Online comparison tool VERSUS IO provides a web-based way for people to compare two items using simple, natural language. The tool launched with support for seeing how mobile phones stack up against each other, much like recently acquired Sortable‘s range of individual comparison tools, but plans to move into cameras and even people comparisons very soon. VERSUS is on track for 900,000 visits this month, of which the company says around 85 percent are unique, continuing a trend the site’s been seeing indicating rapid growth.
Since April when the site quietly launched, the site has seen around 500,000 unique monthly views on average. Founder and CEO Ramin G. Far says that the startup’s success has a lot to do with the product’s consumer appeal.
“Virality and social activity—people love our comparisons and massively share them,” Far responded when asked in an interview what’s propelled the growth so far. “A great product drives usage—VERSUS is a product which people like, just check the Twitter and press comments: “cleanest comparison site we’ve ever seen’—usually comparison sites are purely SEO optimized.”
As for the competition, there’s been a fair amount. Plenty of tools have cropped up to offer product comparison or influence consumer buying decisions, including Decide.com and Snapsort. But Far believes that VERSUS has significant advantages over all of these products, for a few different reasons.
“Snapsort has no strategy anymore,” he said. “They started with natural text comparisons too but then massively diluted their core by offering an entire shopping advisor. But people aren’t that stupid that they need to be guided from scratch. So, they do some vague shopping helper while we laser-focus on comparisons only, because they are usually the best and most exciting entry into any topic.”
Other points that set VERSUS apart from others taking a data-driven approach to comparisons include the ability to cross-compare one type of product against another (users can, for instance, compare tablets and cellphones, and will soon be able to pit cameras against cellphones and tablets, too), as well as standing behind a single, unified brand, rather than having multiple, vertical specific sites as with Sortable’s properties. On the flip side, some users may prefer the extensive charts and tables provided by the competition, but VERSUS thinks its more streamlined take is the better option.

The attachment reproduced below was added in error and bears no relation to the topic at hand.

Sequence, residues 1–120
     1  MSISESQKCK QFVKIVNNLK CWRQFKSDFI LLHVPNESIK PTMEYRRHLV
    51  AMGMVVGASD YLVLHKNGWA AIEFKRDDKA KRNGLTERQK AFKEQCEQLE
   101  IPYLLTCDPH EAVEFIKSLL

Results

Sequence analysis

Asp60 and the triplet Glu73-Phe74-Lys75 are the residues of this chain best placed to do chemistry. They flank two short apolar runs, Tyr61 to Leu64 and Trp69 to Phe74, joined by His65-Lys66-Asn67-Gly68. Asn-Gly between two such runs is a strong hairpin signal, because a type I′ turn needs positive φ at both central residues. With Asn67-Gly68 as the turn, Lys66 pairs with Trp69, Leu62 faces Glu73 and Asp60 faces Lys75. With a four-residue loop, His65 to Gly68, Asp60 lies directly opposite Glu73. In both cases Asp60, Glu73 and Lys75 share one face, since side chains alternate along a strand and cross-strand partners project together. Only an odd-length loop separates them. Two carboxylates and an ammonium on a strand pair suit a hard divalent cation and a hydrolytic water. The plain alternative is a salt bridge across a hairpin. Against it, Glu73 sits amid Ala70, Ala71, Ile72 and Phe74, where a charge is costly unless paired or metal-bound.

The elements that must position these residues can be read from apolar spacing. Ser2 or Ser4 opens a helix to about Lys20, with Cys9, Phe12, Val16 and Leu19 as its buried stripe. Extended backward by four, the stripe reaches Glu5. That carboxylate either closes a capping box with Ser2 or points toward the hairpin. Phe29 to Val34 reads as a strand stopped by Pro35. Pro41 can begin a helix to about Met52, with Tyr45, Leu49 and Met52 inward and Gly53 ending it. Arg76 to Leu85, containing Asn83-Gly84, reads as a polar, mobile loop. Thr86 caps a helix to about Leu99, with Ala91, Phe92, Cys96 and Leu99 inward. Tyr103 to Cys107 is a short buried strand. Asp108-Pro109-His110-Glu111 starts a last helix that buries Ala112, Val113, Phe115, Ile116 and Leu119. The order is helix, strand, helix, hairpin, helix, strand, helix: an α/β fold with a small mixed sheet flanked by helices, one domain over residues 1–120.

There are also other sites attempting to get right to the heart of consumer decisions, via straightforward, human-powered advice. Two such examples are The Wirecutter and Findthebest. And while Far agrees that human input is key, and intends to build user-generated reasons into VERSUS comparisons, he doesn’t think that ultimately those types of sites are what consumers are looking for, precisely because they’re too limited.
“The Wirecutter and similar services like Findthebest will fail in the long run because they focus on just ‘the best’— in their UI, in their results and so on,” he said. “And to just offer the best from one category, like the best cheap phone doesn’t work because people have different requirements. One wants to play games with their phone while others need a rock-solid BlackBerry keyboard, so whats the best now?”
VERSUS plans to tackle a number of other verticals, but two on the immediate horizon include cameras (in testing and nearing release), and people comparisons. When comparing people, which are obviously quite different from any kind of consumer electronics, Far said that the company looked into the kinds of measures on which people are already compared everyday to determine what criteria it would use. That led them to things like résumés, number of friends on various social networks, size of house, type of car, and more specific data for subcategories based on profession, like successful exits for entrepreneurs and VCs. It should then not only have novelty value for everyday users, but also potentially worthwhile data for journalists, analysts and others keeping an eye on trends in particular industries and verticals.
Ultimately, Far’s goal is to make VERSUS an “engine with a solid API” that can plug into any kind of service, which could help it attract interest from bigger players looking to make smart acquisitions, much like interest analytics engine Hunch was snapped up by eBay.